This conviction finds its expression in almost all areas of activities of the company Dreier – from paper printed on both sides through to the organisation of the roughly 200 vehicles in the truck fleet. The family-run firm was one of the first Swiss logistics companies to decide in favour of the New Actros with the low-emission Euro VI engine. Now, it has 44 of these vehicles in operation. Even though Euro VI does not become mandatory until the end of 2014, the investment is already paying off, Dreier emphasises. Euro VI vehicles have to pay much less LSVA: whereas a Euro V truck pays the equivalent of just under 0.74 euros per kilometre, a Euro VI vehicle “only” needs to pay 0.66 euros. Working on the assumption of a realistic monthly mileage of 10,000 kilometres, this adds up to a difference of around 750 euros per month per vehicle. For the 44 Euro VI New Actros this means that the company Dreier saves 33,000 euros per month. “From 2016, when the Euro VI trucks fall into an even lower category, this will mean in one go that the early investment in Euro VI has paid off,” says Hans-Peter Dreier.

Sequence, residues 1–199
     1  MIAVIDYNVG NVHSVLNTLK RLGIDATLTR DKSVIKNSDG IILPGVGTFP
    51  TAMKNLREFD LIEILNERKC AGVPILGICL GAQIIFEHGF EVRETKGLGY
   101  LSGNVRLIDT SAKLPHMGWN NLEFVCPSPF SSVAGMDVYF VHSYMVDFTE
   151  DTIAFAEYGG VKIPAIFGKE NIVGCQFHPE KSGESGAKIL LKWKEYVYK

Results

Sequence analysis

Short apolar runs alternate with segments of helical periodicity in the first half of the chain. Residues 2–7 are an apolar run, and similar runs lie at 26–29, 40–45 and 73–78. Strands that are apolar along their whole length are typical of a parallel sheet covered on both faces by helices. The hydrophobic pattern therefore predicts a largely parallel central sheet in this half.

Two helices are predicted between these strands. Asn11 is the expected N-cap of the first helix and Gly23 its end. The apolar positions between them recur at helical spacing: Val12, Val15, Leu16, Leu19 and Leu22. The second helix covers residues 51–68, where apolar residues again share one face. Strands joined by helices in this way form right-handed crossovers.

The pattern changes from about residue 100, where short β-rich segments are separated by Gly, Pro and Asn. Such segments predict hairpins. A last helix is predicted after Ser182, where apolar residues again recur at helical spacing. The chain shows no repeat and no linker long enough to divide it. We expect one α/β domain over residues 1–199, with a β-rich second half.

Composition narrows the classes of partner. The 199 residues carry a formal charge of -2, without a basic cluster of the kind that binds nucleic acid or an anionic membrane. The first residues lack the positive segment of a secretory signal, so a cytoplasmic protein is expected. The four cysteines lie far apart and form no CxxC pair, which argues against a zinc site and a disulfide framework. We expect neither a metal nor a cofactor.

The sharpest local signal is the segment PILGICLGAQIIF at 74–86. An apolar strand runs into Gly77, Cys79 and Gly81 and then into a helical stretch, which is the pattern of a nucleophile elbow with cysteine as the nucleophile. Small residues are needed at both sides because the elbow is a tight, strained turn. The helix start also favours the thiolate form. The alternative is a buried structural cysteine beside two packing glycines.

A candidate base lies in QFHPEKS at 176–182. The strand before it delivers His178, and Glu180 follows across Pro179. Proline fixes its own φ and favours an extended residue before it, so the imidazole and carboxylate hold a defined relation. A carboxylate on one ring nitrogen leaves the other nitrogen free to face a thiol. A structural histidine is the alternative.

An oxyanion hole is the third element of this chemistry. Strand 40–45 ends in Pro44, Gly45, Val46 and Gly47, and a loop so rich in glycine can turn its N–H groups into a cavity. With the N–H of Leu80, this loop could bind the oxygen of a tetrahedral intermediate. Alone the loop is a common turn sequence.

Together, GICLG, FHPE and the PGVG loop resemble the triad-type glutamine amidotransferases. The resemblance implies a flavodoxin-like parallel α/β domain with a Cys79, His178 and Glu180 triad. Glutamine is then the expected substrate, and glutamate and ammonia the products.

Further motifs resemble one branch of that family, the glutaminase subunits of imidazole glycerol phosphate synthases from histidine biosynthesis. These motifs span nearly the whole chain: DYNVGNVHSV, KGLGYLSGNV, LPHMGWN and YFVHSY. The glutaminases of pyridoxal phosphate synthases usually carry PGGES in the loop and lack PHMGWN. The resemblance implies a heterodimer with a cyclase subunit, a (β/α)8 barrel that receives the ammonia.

Dreier also tries to lower CO₂ emissions and costs via fuel consumption. Since 2003, the company has been using FleetBoard in its trucks. The FleetBoard “scores” are now part of the bonus system for the drivers. Two trainers employed by the company itself help to further optimise these figures. In addition, the speed of the trucks is restricted to 84 kilometres per hour – a move which also lowers consumption and thus CO₂ emissions.